It is universally agreed that New Zealand’s Wax Chattels are a must- see live act; their hypnotically sinister debut captured this perfectly. Released in 2018 and supported by relentless touring, the eponymous album reached #7 on the New Zealand Album Charts, and release week saw the title feature as number 1 in Rough Trade’s Top 20 New Releases. Tastemakers like NPR and A.V. Club came on as early champions. The album’s success at home and abroad led to the well-deserved nomina- tion of Best Alternative Artist at the 2018 New Zealand Music Awards, as well as the band’s inclusion in the coveted shortlist of finalists for the Taite Music Prize and Auckland Live Best Independent Debut Award. After a knock-out entrée, the anticipation that surrounds their sophomore album, Clot, is immense.
Much like their debut, the writing process for Clot took the best part of a year. While some songs were written on the road, the bulk of the album was workshopped throughout 2019 across bedrooms and storage containers. Demos were fine-tuned before recording engineer James Goldsmith (Aldous Harding, Mermaidens) stepped in. The band maintained the use of only the barest of ingredients — bass guitar, keyboard, and a two-piece drum kit — but spent more time ex- perimenting with and finding new sounds. They wanted to maintain the same live element, but, this time, heavier — for which they enlisted the help of mixing engineer, and fellow noise-maker, Ben Greenberg (Uniform, Destruction Unit, The Men). The keyboards are thicker, the bass more intense. A marked step-up, this new record keeps the visceral energy of the debut, only this time they dig deeper into ca- thartic noise.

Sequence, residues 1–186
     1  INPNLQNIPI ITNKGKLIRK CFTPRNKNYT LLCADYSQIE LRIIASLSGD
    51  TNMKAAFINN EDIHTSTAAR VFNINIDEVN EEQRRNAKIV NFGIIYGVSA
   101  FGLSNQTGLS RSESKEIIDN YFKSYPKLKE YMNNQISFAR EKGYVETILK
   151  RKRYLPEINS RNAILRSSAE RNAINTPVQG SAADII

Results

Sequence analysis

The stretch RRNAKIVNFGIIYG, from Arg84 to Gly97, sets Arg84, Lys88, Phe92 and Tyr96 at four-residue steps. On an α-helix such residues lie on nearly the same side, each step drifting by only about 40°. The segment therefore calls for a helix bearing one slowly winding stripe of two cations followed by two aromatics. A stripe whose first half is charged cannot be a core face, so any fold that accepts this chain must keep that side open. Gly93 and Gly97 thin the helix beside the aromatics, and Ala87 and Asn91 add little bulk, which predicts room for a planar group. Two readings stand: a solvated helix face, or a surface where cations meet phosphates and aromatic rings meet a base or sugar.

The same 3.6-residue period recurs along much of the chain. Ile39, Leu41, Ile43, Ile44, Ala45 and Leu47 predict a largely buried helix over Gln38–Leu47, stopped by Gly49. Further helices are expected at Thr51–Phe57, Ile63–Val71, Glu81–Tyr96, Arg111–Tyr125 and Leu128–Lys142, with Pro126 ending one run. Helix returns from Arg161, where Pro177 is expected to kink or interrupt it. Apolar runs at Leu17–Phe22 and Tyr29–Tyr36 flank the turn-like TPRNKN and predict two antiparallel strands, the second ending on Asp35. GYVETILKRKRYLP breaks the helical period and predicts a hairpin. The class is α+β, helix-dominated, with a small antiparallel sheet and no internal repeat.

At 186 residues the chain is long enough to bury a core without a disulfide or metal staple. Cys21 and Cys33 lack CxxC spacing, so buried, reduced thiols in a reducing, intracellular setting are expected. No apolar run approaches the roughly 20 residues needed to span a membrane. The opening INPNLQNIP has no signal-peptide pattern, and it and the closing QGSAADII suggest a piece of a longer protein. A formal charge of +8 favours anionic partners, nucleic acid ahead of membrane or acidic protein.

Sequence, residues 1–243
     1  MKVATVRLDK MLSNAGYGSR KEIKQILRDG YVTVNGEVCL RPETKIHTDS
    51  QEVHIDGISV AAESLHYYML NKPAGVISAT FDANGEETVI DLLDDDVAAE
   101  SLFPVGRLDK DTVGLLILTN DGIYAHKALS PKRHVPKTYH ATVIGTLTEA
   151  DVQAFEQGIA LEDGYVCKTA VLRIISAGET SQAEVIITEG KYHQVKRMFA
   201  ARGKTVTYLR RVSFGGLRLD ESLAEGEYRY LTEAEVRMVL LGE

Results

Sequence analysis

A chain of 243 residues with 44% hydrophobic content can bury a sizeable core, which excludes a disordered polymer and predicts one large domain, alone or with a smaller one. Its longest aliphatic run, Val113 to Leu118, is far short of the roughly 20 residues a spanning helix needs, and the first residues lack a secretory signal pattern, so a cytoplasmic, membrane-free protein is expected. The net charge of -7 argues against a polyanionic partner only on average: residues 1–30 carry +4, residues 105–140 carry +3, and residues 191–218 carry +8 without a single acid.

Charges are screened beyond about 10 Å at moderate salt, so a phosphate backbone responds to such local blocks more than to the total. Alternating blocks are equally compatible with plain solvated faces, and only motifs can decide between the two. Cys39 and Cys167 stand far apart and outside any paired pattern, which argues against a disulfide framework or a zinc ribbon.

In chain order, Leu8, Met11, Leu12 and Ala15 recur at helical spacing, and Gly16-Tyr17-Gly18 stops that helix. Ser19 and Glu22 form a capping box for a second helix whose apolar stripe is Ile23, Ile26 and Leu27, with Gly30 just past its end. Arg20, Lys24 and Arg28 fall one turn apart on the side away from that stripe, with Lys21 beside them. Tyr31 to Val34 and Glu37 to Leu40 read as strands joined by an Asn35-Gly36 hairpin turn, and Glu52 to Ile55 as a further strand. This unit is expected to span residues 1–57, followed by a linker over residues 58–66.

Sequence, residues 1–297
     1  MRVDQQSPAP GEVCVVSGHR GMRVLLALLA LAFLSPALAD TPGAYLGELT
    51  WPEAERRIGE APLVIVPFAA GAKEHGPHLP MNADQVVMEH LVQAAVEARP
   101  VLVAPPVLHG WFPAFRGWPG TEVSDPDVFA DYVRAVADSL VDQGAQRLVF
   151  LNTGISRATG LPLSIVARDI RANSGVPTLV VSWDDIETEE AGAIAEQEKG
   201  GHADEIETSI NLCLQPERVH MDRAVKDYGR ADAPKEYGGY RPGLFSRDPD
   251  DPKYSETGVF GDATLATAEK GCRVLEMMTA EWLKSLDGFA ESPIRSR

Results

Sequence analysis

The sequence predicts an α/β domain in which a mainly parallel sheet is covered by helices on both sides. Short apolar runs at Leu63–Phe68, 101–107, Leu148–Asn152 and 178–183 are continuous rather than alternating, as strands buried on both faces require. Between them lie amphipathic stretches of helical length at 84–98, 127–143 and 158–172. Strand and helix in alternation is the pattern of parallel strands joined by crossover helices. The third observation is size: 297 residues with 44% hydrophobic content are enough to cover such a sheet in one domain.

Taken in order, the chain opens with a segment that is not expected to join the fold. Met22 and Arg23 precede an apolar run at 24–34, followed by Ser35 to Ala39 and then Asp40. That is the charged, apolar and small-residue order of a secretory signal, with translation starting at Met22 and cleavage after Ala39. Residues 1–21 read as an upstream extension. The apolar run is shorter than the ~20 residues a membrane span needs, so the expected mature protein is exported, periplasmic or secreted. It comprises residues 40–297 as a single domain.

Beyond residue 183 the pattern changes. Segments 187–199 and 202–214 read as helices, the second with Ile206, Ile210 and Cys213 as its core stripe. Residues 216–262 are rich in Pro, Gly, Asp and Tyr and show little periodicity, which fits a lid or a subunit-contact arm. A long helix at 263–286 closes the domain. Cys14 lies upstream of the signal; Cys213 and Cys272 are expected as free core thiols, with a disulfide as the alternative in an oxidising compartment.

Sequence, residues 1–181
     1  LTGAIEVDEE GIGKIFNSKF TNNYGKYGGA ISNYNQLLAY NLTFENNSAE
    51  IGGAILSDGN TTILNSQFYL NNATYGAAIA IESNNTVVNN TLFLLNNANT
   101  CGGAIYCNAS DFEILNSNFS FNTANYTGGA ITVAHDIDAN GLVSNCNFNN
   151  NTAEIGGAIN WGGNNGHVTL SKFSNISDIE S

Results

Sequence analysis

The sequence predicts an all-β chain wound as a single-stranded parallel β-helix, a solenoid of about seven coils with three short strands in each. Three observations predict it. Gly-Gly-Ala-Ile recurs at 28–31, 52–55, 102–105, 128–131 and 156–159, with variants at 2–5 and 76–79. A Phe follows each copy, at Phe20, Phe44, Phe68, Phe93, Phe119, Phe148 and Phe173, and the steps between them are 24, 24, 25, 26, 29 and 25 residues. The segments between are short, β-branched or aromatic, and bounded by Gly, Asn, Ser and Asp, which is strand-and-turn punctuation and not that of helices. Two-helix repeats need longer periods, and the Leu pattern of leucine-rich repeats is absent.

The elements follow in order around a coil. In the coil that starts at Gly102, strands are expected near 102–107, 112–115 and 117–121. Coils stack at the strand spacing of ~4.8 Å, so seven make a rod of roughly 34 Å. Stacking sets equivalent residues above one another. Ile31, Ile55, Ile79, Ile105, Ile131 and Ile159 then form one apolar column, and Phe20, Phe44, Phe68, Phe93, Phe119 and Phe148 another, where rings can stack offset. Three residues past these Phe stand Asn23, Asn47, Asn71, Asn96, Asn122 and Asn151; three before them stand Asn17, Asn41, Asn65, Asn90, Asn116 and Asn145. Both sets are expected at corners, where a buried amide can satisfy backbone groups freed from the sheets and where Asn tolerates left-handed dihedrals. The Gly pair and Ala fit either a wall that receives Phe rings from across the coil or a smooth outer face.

At Clot’s center is confrontation. Mindfulness asks do you accept the status quo over forcing tangible change? The vitriolic choruses of Cede are in Cheng’s native language — Taiwanese Hokkien — and are an indignant confrontation about Cross-Strait relations and self- determination. The experience of being a first generation immigrant is expressed in the melodic single No Ties. The song touches on cul- tural differences and the parental sacrifice of careers and support sys- tems to provide a “better” future for their children. The explosive arc of Efficiency describes knowing when to bide your time, and when to push, in which the band treads a line between the explicit and intuitive. This is carried through An Eye, in which the band stresses the physical harm and psychological breakdown emanating from the escalating racial and political uproar throughout the world. Though the band seethes and boils throughout, Clot concludes with a message of hope. Perhaps it’s this capacity for self-awareness that makes Wax Chattels one of New Zealand’s most treasured independent exports.